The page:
Over the last several months, we've remained impressed by the capability of the long-term Silverado. It gets up to speed on freeway onramps like a startled animal. It'll carry just about anything this staff needs, and the truck doesn't even seem to notice when there's a lot of weight in the bed. It'll effortlessly tow a large trailer as well. So, as far as its basic truck abilities are concerned, the Silverado nails it. What we have noticed, though, is that when it comes to the little details, the HD is still somewhat lacking. Fortunately, many of these gripes are minor, and almost all of them can be fixed with a revamped interior.
For starters, as pointed out by production manager Kirill Ougarov, because of where the four-wheel-drive selector knob is located, the left side of the steering wheel blocks the driver's view of it. Since that's the only place where there's a light to indicate whether the truck is in two-wheel drive or in high-range 4WD, it would be nice to be able to see it. Either moving the knob to make it easier to see at a glance, or adding an indicator on the dash would help. We also wish there was a gauge to display how much diesel exhaust fluid is left (see below). Smaller complaints: it is pretty silly that if you are listening to an iPod, you have to actually push "Eject" to safely remove it. Also, the navigation system is in need of an update. For those who don't understand the icons on the buttons in the driver information center, they can be counter-intuitive (there's something that looks like the road leading into the horizon on one button, three squares and lines on another, etc.), but if you push the buttons enough times, you'll start to figure out what each one does. One thing that requires no changes, though, are those seats. They are plenty comfortable for long drives, and it's easy to get spoiled by the seat heaters.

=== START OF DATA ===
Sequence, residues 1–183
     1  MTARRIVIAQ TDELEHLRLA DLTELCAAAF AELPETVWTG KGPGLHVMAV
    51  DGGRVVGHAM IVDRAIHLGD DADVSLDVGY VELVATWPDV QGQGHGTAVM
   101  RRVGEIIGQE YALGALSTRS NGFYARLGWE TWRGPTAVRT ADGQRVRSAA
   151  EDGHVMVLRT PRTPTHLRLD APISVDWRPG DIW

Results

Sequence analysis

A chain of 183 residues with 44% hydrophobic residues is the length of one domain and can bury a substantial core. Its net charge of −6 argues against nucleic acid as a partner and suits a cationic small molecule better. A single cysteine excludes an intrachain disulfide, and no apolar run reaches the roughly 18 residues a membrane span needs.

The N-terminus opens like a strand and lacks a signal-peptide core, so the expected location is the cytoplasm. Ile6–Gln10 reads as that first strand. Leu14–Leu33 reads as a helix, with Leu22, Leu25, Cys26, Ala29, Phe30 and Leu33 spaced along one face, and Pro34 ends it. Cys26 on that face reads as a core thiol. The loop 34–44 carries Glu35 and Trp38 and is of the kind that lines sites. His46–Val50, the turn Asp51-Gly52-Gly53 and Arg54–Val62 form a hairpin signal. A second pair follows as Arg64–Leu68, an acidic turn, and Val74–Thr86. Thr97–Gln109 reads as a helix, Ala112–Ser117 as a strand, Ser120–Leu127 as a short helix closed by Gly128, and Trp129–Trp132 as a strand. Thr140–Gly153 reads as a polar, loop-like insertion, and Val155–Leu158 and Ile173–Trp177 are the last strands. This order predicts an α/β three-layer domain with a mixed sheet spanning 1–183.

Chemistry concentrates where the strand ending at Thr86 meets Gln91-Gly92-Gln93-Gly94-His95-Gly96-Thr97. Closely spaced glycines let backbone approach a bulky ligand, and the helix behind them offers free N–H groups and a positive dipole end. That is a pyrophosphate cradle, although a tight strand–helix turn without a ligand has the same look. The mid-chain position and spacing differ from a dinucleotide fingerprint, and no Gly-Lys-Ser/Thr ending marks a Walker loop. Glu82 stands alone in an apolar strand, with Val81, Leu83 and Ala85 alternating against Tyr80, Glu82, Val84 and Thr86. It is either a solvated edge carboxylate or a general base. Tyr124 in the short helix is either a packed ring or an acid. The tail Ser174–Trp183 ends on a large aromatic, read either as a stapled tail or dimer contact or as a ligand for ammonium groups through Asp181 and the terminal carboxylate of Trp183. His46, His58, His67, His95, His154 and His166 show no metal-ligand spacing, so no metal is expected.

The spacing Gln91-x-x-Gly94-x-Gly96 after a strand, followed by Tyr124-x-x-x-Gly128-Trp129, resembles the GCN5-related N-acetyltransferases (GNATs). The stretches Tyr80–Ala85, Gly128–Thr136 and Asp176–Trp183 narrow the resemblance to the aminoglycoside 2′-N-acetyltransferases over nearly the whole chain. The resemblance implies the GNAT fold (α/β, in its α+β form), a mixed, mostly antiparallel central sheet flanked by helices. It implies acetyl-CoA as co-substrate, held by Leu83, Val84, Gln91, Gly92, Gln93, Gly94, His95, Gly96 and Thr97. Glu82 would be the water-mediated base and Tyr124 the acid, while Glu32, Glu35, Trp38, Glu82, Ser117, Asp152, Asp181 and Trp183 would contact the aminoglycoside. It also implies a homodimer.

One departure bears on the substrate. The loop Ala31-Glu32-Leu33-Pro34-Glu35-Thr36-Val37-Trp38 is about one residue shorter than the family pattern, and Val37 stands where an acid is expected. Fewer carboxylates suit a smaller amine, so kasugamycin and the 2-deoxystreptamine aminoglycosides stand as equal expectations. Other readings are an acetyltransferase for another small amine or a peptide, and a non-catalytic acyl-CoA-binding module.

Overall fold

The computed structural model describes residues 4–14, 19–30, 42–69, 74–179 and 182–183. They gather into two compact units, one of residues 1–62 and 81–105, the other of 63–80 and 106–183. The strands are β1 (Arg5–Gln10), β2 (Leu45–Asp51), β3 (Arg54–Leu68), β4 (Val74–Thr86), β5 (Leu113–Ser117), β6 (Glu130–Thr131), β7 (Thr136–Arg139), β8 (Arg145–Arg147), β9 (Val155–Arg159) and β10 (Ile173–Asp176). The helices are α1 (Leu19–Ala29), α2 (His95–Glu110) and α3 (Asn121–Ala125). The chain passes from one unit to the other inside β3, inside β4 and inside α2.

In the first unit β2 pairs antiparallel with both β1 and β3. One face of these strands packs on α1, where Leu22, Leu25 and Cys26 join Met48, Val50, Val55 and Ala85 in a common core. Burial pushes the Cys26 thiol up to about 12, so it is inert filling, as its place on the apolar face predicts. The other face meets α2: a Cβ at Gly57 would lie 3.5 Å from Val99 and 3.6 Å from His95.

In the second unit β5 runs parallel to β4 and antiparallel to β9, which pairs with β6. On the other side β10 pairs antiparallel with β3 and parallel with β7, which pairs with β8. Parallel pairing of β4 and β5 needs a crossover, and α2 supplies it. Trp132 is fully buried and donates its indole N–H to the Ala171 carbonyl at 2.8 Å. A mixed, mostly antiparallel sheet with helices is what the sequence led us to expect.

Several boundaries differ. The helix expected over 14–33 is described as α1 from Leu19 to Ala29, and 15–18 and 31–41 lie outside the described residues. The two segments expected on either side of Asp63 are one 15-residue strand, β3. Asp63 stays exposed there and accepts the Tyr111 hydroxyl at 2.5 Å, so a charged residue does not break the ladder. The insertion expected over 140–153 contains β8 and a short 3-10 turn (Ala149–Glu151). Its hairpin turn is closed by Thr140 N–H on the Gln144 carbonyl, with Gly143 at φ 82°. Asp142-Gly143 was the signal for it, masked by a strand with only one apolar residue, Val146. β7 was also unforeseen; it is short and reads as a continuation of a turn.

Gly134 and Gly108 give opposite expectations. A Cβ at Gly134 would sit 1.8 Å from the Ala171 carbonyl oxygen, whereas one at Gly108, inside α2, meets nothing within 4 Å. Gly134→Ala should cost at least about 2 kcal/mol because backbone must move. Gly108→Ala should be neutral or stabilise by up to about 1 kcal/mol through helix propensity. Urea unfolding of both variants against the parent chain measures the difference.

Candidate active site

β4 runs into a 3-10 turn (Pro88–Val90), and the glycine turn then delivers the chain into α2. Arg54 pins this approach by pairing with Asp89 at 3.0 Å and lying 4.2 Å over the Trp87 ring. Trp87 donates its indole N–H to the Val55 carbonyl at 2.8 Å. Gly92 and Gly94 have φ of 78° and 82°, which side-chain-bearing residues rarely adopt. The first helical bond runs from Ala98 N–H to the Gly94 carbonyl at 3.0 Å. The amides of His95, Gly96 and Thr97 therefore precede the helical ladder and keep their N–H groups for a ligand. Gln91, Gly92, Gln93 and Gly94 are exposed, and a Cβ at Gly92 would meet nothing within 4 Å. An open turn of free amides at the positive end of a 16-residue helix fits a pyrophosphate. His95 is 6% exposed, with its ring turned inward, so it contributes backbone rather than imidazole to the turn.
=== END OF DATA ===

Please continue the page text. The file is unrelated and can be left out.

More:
We took the Silverado in for its 15,000-mile service, and when we first brought the truck in, the estimate was for over $400 because it included a throttle-body cleaning. That was a red flag, because it didn't sound like a regular part of the manufacturer's list of items to do for the 15,000-mile service; and it seemed pricey. But, fortunately, the dealer inspected the throttle body and found that it didn't need cleaning after all -- and I didn't need to argue with them about the cost. That brought the total down to $263.48 for service. While it was there, we also asked the dealer to measure the amount of DEF that was still in the tank. We asked, knowing the truck was going on a long drive while towing, and it would be better to know ahead of time, as opposed to waiting until the notice came up on the digital screen in the gauge cluster. However, the dealer was no help; they just said to wait until the display showed that the level was getting low. That's why this truck needs a DEF dipstick or a gauge. If you know you're going to travel, you can fill it before you go and, with the right type of gauge or dipstick, you don't risk overfilling the tank. You can carry a container of the fluid in the truck with you if you like, but the manufacturer of BlueDEF, one DEF on the market, recommends that its temperature range stay between 40 and 80 degrees Fahrenheit. It can still be OK above 12 degrees and below 86 degrees, so as long as it doesn't get too hot or too cold, it should be fine.
|Our Car |
|Months/miles in service || 11/17,655 |
|Avg econ/CO2 || 15.1 mpg/1.46 lb/mi |
|Energy cons ||222 kW-hr/100 mi |
|Unresolved problems ||None |
|Maintenance cost ||$396.11 (2-oil/filter change, rotate tires, inspection; 1-replace trans filter, air filter) |
|Normal-wear cost ||$19.98 (Urea refill) |